Do we physically look more like our life partner over the years? This is what a study published in 1987 advanced. Later taken up in many psychology courses, this assertion had never been scientifically confirmed or refuted. Recently, a research team in turn looked into the question, before contradicting previous findings.
Pin Pin Tea-makorn, a doctoral student in electrical engineering at Stanford University, and Michal Kosinski, professor of psychology at the same institution, are at the origin of this new study which reverses the idea established for years that members of a couple, over time, tend to resemble each other physically. To do this, the duo first recovered photos of 517 couples: one taken within two years of their marriage and another taken between twenty and sixty-nine years after the happy event.
In order to establish whether the faces of the different people in the couples became more similar after a few years, the scientists showed volunteer people the photo of an individual, as well as those of six other people, one of whom was his wife. or her husband. Research participants then had to determine how similar the six individuals photographed looked to the person in the first image. Later, advanced facial recognition software did the same.
This study is inspired by that conducted by psychologist Robert Zajonc in 1987. For his research, this researcher from the University of Michigan asked volunteers to prioritize the photos of a dozen couples. He eventually concluded that the couples' faces looked more alike after a while of marriage. According to psychologists, this was explained in particular by the fact that a couple shared the same diet, the same hygiene of life, etc.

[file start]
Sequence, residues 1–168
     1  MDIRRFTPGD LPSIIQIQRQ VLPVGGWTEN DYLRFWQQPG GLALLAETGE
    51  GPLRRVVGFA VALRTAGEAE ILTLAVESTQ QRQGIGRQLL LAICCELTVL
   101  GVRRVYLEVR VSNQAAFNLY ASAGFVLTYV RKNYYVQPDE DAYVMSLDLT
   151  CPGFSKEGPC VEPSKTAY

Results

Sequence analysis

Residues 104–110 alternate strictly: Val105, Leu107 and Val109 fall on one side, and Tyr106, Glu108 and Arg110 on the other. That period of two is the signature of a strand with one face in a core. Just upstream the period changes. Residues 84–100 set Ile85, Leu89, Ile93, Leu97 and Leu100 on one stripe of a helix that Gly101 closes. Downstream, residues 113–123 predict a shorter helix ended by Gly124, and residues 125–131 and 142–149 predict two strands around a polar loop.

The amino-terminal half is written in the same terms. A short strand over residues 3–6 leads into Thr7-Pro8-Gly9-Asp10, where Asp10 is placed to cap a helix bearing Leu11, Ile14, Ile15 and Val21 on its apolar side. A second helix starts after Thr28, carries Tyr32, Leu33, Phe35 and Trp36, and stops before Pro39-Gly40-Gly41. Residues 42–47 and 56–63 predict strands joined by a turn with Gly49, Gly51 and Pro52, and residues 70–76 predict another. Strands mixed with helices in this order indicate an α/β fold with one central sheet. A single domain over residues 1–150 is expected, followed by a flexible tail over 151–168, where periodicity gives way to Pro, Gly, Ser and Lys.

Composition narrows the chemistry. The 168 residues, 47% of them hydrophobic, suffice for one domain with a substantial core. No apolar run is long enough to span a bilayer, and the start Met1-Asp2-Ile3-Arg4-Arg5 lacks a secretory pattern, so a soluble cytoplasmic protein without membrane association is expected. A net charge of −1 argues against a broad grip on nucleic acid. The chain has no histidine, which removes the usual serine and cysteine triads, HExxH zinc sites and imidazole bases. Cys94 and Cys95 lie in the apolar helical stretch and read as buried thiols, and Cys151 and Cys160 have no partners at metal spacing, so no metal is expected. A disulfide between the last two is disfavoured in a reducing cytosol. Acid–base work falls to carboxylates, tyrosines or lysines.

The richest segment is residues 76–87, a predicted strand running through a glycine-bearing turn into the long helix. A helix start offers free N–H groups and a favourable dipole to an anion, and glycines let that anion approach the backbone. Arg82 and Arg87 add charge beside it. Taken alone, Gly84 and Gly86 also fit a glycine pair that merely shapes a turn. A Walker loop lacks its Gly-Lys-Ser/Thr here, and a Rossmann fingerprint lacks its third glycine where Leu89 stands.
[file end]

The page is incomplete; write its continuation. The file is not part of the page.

In search of the person who looks like us
Conversely, the recent study produced by Stanford University and published in Scientific Reports does not find any clue to prove the hypothesis that couples are more alike over time. Research suggests, however, that when two people get into a relationship, they already tend to share a few physical traits. Therefore, we would look for a partner who looks like us.
For their next study, Pin Pin Tea-makorn and Michal Kosinski want to investigate the idea that it would be possible to guess a person's name just by examining their face. Once again, the scientific duo are skeptical.